Mullen reckons that historically, periods where small cap shares have failed to match new highs of large cap stocks have been followed by poor results for the broader equity market. Like the inverted yield curve which indicates that investors are worried by near-term prospects, this shows investor aversion of small counters which are riskier than large-cap stocks.
Having raised some alarm bells, we turn our attention to positive developments on the trade negotiations front which might support growth in the short term. In our previous notes we have highlighted the biggest threat to global growth being the tariff trade wars between the US and China and the unresolved Brexit. Both discourage business investment, which is important for global growth. Some good news is that the US and China are saying they are getting closer to reaching an agreement on the first phase of a trade deal.
The US is reported to be considering scrapping tariffs on $112bn worth of goods while China has promised to boost imports of various US agricultural products. Should a deal be struck between the two economic superpowers, it is likely to propel stocks to new highs.
A separate, interesting issue is the imminent listing of Saudi Aramco, the world’s single biggest producer of oil. Aramco is deemed the world’s most profitable company and its valuation is expected to be between $1.6trn and $1.8trn, which will make it the world’s most valuable company.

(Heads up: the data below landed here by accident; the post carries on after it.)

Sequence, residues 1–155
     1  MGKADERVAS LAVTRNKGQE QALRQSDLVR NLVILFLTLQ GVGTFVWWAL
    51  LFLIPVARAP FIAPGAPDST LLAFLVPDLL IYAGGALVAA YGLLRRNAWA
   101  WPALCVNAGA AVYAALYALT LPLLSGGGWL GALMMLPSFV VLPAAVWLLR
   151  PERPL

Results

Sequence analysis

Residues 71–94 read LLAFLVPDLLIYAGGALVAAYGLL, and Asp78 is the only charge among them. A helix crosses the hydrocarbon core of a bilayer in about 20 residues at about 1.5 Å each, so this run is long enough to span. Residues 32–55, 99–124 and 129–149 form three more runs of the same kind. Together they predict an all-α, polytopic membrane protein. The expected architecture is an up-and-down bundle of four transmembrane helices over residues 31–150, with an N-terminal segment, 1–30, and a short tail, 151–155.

Image source: Reuters
While it is expected to initially list on the Riyadh Stock Exchange before the end of the year, listings on other global bourses are expected to follow. This means the stock will likely feature in various ETFs, hopefully in the not too distant a future.
Other positive developments on the global stage include:
- Encouraging progress on US trade deals with Europe and Japan regarding automobiles, which may mean tariffs can be avoided on vehicles imported into the US
- US employment and consumer confidence remains strong
- The US Federal Reserve cushioned the cooling economy with another 0.25-point interest rate cut and promised to remain accommodative
- Various other central banks are also maintaining an accommodative monetary stance.
Bears factors include:
- A synchronised slowdown in global growth with a downward revision of 2019 growth to 3% by the IMF, the lowest since the global financial crisis
- Brexit uncertainty remains
- Manufacturing in the eurozone is the weakest it’s been in seven years, but latest German factory orders reversed the decay of the last two months with an increase of 1.3%.
- China’s economy grew by the slowest pace in the second quarter in almost three decades, pointing to weakness in the short term.